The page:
American Minute - August 27, 1776 - With Boston freed from British occupation, New York was the next target. General Washington moved his troops to New York and began to build defense works, fortifying Brooklyn Heights. Enthusiasm was high and Washington's ranks swelled to nearly 20,000. Before long, hundreds of British ships filled New York's harbor, carrying 32,000 troops. It was the largest invasion force assembled in world history up to that date. The thousands of wooden masts of the British ships were described as looking like a forest.

As apprehension spread, General George Washington ordered, May 15, 1776: "The Continental Congress having ordered Friday the 17th instant to be observed as a Day of Fasting, Humiliation and Prayer, humbly to supplicate the mercy of Almighty God, that it would please Him to pardon all our manifold sins and transgressions, and to prosper the arms of the United Colonies, and finally establish the peace and freedom of America upon a solid and lasting foundation; The General commands all officers and soldiers to pay strict obedience to the orders of the Continental Congress; that, by their unfeigned and pious observance of their religious duties, they may incline the Lord and Giver of victory to prosper our arms."

Washington's men were encouraged by messengers from Philadelphia, July 9, 1776, who delivered a copy of the recently passed Declaration of Independence. Washington had it read out loud to his troops. The Declaration mentioned God four times: "Laws of Nature and of Nature's God..." "All Men are created equal, that they are endowed by their Creator with certain unalienable Rights..." "Appealing to the Supreme Judge of the World for the Rectitude of our Intentions..." "With a firm Reliance on the Protection of divine Providence." On AUGUST 27, 1776, the Battle of Brooklyn Heights took place.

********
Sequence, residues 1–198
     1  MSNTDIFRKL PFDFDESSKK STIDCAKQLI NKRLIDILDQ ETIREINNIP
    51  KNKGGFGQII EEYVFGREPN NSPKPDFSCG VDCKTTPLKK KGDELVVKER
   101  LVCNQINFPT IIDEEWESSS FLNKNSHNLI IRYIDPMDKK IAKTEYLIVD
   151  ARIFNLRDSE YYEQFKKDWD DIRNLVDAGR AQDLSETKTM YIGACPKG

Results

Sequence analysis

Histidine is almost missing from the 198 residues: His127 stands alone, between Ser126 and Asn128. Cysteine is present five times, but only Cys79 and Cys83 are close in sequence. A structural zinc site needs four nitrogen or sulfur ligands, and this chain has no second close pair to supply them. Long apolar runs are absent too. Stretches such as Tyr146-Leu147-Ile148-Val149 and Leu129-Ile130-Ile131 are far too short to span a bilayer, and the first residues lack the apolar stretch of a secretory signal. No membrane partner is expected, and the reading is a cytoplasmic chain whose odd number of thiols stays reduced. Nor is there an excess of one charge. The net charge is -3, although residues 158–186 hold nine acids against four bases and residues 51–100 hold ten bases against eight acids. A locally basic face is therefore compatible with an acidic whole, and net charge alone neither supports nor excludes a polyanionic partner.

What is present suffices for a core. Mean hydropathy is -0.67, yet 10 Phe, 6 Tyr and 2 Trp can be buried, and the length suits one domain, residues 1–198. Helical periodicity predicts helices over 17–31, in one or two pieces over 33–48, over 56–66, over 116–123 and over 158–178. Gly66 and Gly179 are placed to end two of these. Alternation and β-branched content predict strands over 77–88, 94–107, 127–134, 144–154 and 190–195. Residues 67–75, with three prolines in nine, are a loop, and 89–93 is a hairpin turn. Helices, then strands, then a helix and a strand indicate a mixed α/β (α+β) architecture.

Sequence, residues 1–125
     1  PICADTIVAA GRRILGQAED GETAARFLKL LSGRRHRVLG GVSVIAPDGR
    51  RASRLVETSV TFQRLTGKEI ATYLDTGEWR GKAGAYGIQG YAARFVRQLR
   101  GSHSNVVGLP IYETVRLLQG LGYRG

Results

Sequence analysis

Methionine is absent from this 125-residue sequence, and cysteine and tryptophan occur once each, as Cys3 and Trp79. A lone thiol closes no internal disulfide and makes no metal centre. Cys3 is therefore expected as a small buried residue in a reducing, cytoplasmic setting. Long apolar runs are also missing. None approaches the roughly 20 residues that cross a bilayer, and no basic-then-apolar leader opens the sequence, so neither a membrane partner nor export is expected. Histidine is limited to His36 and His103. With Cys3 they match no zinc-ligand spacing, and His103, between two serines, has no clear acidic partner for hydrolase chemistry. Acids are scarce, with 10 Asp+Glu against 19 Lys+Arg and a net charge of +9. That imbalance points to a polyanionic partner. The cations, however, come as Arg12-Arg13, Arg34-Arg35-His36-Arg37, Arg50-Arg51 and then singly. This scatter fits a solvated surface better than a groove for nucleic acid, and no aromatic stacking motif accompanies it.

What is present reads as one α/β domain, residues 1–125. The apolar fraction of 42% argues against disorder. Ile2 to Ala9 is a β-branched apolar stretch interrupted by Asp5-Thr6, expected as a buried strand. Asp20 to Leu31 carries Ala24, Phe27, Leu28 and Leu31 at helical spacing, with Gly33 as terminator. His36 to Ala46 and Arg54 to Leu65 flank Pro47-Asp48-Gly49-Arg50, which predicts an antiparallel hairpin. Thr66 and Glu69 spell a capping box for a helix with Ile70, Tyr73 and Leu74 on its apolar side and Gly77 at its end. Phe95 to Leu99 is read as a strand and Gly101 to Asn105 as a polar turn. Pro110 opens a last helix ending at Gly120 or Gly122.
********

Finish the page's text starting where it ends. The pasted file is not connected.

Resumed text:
It was the first major battle after America had officially declared its independence, and it was the largest battle of the entire war. Washington expected an attack from the sea, similar to what the British did at the Battle of Bunker Hill. Instead, 10,000 British troops landed a distance from New York and a British loyalist led them through Jamaica Pass, marching all night long to make a surprise attack on the Continental Army from behind. An estimated 3,000 Americans were killed or wounded compared to only 392 British casualties. Washington exclaimed: "Good God, what brave fellows I have lost this day," as he watched 400 soldiers of the First Maryland Regiment charge six times into the British lines, allowing the rest of the Continental Army find cover.